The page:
Delta compression using up to 4 threads.
Compressing objects: 100% (20/20), done.
Writing objects: 100% (21/21), 11.30 KiB, done.
Total 21 (delta 9), reused 0 (delta 0)
 * [new branch]      master -> master

shawn@SHAWN-PC ~/Desktop/TestProject (master)

(We had to specify the master branch for this first push. Later on, we can just say ‘git push remoteName‘ and be done with a push)

So, now, we have a remote repository which has everything we did locally. Fun times. Now, if someone wanted to, they could clone the remote repo onto their machine using ‘git clone‘. I’m to clone the remote repo on my Desktop:

shawn@SHAWN-PC ~/Desktop/TestProject (master)
$ cd ..

shawn@SHAWN-PC ~/Desktop
$ git clone
Cloning into testRemote...
remote: Counting objects: 21, done.
remote: Compressing objects: 100% (20/20), done.
remote: Total 21 (delta 9), reused 0 (delta 0)Receiving objects:  61% (13/21)
Receiving objects:  71% (15/21)
Receiving objects: 100% (21/21), 11.30 KiB, done.
Resolving deltas: 100% (9/9), done.

shawn@SHAWN-PC ~/Desktop

I had to specify the URL of the online repo, ending the URL in .git. Let’s take a look at the log for this clone repo:

shawn@SHAWN-PC ~/Desktop
$ cd testRemote/

shawn@SHAWN-PC ~/Desktop/testRemote (master)
$ git hist
* [45bcf31] 2012-03-26 (HEAD, origin/master, origin/HEAD, master) | Another Great
* [21adf6e] 2012-03-26 | Initial Commit

shawn@SHAWN-PC ~/Desktop/testRemote (master)

It’s the same history for the original repository that was set up! It would make more sense if I cloned this onto a different computer, of course. Also, when you clone a repository, it automatically the source URL as a remote repository called origin.

shawn@SHAWN-PC ~/Desktop/testRemote (master)
$ git remote -v

You can rename this if you would like, using git remote rename [old name] [new name]. You can also make changes here, push to the remote repository, then have other people pull the changes that you pushed. Now, this is being oversimplified, and for a better understanding of some of these features, I strong suggest sources such as Git Immersion and Pro Git.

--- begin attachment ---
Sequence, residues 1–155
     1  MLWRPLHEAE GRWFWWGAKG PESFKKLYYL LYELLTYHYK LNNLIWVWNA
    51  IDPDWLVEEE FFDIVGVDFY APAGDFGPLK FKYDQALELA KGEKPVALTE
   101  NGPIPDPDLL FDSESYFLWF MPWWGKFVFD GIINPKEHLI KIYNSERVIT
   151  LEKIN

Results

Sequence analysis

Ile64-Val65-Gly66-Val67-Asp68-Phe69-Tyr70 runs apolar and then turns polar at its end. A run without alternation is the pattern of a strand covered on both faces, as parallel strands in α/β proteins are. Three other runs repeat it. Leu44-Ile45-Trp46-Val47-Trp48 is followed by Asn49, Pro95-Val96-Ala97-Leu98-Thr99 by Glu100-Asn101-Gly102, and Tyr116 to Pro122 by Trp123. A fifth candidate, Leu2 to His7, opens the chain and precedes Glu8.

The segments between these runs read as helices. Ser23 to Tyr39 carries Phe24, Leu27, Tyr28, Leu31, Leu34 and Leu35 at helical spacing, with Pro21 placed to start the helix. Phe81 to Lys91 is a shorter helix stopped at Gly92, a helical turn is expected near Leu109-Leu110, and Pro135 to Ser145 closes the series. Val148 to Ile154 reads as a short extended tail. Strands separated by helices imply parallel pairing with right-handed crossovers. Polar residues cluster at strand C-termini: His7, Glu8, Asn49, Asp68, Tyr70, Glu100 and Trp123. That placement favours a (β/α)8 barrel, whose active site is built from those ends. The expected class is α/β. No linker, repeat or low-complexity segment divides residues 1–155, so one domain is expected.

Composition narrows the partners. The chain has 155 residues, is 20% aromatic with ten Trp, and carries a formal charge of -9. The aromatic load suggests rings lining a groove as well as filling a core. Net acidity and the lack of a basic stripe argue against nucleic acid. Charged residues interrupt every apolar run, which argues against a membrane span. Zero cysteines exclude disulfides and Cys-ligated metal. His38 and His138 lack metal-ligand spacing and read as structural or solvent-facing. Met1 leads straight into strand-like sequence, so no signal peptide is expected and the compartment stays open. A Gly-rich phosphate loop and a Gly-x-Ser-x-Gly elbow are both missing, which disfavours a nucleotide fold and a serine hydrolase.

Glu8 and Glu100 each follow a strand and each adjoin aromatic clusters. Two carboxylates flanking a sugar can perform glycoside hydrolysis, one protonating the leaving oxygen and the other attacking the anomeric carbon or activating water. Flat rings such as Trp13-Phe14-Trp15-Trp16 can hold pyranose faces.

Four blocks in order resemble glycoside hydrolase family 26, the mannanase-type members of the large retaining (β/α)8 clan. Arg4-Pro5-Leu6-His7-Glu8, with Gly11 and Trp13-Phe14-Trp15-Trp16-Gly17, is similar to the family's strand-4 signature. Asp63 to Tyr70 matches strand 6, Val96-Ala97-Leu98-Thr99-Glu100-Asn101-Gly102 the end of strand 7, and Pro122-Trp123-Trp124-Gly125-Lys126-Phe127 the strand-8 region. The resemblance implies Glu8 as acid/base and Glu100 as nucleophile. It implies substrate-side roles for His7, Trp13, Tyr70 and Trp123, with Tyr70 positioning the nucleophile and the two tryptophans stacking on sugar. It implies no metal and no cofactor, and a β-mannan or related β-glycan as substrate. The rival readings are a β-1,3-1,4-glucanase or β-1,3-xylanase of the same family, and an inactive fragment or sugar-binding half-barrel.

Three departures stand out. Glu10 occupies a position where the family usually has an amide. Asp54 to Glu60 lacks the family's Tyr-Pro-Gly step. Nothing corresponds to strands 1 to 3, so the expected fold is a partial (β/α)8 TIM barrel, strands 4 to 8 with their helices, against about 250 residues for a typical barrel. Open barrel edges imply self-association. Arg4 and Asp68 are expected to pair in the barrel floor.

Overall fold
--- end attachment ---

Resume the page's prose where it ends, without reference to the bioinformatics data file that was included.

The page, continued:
With Redmine, you’re able to add a repository for a specific project to track. You can do this within the Settings –> Repository section of your project within Redmine. Remember that url for the bare repo I created? Let’s get that, and add it to the page:

Adding the remote to a project

(Note: The repo needs to be within the actual Redmine directory on the machine with Redmine. For more info, check out this page). Now, we have a new tab next to Settings called “Repository”. On that page, we’ll see the repository’s details, such as the Assets and Project Settings Folder. Clicking on the folder, or the corresponding “+” icon, will show you the contents of that folder.  Now, anytime someone pushes changes to this remote repository, the changes will be reflected on this page.

On the repository page

On the repository page

As others probably know, Unity does come with its own Version Control System, the Asset Server. It is a very nice tool, and definitely useful. I’ve used it during game jams, and the speed of the asset server is wonderful. For something fully integrated into Unity, you’d expect it to be that good. However, there are some things that I do find useful about using other version control systems over the Asset Server (at least, for now).

For example, you can’t really use the Asset Sever in any type of way outside of Unity. As far as I know, there aren’t many project management tools you can use with Unity, which are also integrated (however, this one looks very good). I can, however, easily use Unity and Git and Redmine together, without too much of a drop in the workflow, compared to just using the Asset Server.

For example, within Redmine, I can create a task (called issues in Redmine), something along the lines of “Make Project Great!”. After creating this issue, Redmine will assign it a number. I now have task “Issue #277: Make Project Great”.

Making the project great

So, now to Unity. After ‘x’ hours, I’ve made a bunch of changes to my project, all of them related to issue #277. So, I save my work, and commit this to my local repository. But, let’s make the commit look like this:

shawn@SHAWN-PC ~/Desktop/TestProject (master)
$ git status
# On branch master
# Changes not staged for commit:
#   (use "git add <file>..." to update what will be committed)
#   (use "git checkout -- <file>..." to discard changes in working directory)
#       modified:   Assets/Example.cs
#       modified:   Assets/ExampleScene.unity
no changes added to commit (use "git add" and/or "git commit -a")

shawn@SHAWN-PC ~/Desktop/TestProject (master)
$ git add .

shawn@SHAWN-PC ~/Desktop/TestProject (master)
$ git ci -m "Did really cool things; refs #277"
[master 1b2b47e] Did really cool things; refs #277
 2 files changed, 4 insertions(+), 6 deletions(-)

shawn@SHAWN-PC ~/Desktop/TestProject (master)

The ‘ref #277’ does what one may assume it does. It references issue #277 in Redmine. Rather, it will, once I push it to the remote repository. So….

shawn@SHAWN-PC ~/Desktop/TestProject (master)
$ git push mainRemote
Counting objects: 9, done.
Delta compression using up to 4 threads.
Compressing objects: 100% (5/5), done.
Writing objects: 100% (5/5), 1.58 KiB, done.
Total 5 (delta 2), reused 0 (delta 0)